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Pay-When-Paid and Pay-If-Paid Clauses in Construction Contracts


If you are a general contractor, or any kind of construction company that has or utilizes subcontractors, you probably (hopefully) have every intention of paying your subcontractors and those who otherwise perform jobs for you on the job site.

Except, sometimes you end up with a problem, such as a client or owner who fails to pay you, or disputes all or part of your payment. In that case, it may be difficult to pay the subcontractors, as well as—seemingly—unfair; if you aren’t getting paid, why should the subcontractors get paid? The problem can seem even worse when there is something about the subcontractors work or duties which is causing the dispute.

Clauses to Delay Payment

The answer may be in what are known as Pay-if-Paid (PIP) or Pay-When Paid (PWP) clauses. As the names imply, these clauses give a general contractor some flexibility in paying subcontractors, if there is a problem or delay in payment from the owners.

There is one critical difference between these clauses. A PWP clause does not allow a contractor to get out of paying a subcontractor completely. The clause has been interpreted as allowing the contractor to pay the subcontractor at a later date—but not out of paying completely.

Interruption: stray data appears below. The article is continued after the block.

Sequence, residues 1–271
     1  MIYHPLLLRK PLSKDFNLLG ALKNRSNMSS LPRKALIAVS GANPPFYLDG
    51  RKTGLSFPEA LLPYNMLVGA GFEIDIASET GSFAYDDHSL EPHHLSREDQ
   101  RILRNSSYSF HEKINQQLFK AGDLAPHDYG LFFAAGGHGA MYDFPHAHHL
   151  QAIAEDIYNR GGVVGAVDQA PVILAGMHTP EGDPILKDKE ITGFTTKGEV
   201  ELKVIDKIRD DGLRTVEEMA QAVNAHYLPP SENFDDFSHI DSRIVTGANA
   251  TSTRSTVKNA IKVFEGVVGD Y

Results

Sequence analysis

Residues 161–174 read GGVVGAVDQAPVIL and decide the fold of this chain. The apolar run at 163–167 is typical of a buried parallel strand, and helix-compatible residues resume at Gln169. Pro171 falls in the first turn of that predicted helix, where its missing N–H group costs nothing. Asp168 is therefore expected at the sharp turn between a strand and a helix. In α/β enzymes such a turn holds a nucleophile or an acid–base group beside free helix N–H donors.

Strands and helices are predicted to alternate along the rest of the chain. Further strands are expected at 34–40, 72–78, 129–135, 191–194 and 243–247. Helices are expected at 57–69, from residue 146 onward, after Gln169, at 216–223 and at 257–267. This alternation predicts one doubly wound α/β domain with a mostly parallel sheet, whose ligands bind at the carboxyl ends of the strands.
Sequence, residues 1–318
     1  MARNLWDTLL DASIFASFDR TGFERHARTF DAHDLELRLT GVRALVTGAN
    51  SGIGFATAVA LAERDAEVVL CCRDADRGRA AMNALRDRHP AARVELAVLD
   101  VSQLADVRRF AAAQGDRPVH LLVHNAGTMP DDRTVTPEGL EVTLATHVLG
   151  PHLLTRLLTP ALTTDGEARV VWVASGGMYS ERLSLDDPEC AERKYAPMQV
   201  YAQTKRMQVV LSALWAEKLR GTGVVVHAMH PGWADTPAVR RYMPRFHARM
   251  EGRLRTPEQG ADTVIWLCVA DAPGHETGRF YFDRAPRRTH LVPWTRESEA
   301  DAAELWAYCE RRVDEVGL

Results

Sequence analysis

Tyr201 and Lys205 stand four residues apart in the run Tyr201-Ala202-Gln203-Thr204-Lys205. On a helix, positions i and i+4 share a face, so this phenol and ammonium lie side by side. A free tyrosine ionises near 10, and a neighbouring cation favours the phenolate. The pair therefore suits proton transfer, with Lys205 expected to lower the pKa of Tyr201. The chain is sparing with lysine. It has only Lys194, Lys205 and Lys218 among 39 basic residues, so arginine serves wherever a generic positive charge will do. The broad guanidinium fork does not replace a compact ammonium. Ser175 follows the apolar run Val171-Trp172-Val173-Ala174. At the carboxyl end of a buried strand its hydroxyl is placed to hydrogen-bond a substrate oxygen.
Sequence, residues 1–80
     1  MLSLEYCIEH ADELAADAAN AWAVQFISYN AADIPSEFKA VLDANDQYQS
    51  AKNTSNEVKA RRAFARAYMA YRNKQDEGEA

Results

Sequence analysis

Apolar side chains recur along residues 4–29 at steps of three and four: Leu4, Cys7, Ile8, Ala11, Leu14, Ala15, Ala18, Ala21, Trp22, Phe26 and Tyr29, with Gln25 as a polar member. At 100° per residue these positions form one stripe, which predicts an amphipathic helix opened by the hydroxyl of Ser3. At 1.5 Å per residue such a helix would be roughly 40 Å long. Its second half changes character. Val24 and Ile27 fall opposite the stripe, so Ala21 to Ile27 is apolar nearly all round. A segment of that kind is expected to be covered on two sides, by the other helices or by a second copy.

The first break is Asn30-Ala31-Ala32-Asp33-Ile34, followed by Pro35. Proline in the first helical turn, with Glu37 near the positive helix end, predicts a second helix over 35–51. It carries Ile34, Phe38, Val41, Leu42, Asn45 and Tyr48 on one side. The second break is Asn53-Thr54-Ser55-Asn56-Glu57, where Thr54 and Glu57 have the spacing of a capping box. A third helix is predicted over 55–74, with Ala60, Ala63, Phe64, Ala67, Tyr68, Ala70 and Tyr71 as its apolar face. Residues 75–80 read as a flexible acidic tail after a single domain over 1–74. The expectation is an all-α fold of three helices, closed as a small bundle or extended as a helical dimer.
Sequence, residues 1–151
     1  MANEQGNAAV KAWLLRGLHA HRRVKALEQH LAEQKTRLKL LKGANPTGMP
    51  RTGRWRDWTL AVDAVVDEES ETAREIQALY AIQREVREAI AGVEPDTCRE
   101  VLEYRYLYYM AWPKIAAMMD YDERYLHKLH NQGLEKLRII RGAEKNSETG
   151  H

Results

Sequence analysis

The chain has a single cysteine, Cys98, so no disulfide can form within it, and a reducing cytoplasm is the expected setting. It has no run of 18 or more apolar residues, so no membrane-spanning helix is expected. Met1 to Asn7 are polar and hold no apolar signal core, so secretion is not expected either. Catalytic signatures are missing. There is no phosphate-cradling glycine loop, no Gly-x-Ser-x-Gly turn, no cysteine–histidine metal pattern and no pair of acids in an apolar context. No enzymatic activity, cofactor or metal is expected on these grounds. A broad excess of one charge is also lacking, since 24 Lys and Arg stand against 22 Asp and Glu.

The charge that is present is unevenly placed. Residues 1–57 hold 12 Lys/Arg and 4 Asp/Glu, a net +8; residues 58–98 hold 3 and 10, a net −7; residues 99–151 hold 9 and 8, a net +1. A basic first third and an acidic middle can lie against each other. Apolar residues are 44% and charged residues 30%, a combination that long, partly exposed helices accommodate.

With a PWP clause, the general contractor is allowed to pay the subcontractor within some stated time period, after the general contractor is paid, giving the general contractor some flexibility-but it is still a solid agreement to pay the subcontractor.  In other words, the question is “when the subcontractor gets paid,” not “if the subcontractor gets paid.”

Pay If Paid Clauses

Compare that to the PIP clause, which clearly conditions the subcontractor’s payment on the general contractor actually getting paid by the owner.

Courts don’t love these clauses, so they must be drafted specifically enough, or they won’t be enforced. If the provision is vague or confusing, the court will interpret the clause as being PWP, not PIP. This is to protect smaller subcontractors, who rely on payment from general contractors to operate. The risk of non-payment from an owner can be born easier by a general contractor, than it can from a  subcontractor.

Subcontractors, Be Aware

Needless to say, if you are the subcontractor, these provisions not only jeopardize your ability to get paid, but possibly, put the issue of payment out of your hands. In other words, a dispute involving the owner and the general contractor that results in no or delayed payment, but which has nothing to do with you, can end up causing you not to get paid, and you can’t do anything about it.

Remember also that in the absence of any contract, a general contractor is supposed to pay a subcontractor when the work is substantially completed. By agreeing to a PWP or PIP clause, the subcontractor is now waiving those rights.

Call our Fort Lauderdale construction attorneys at Sweeney Law P.A. at 954 440-3993 to help you protect yourself or enforce your legal rights if you are involved in a  construction project.

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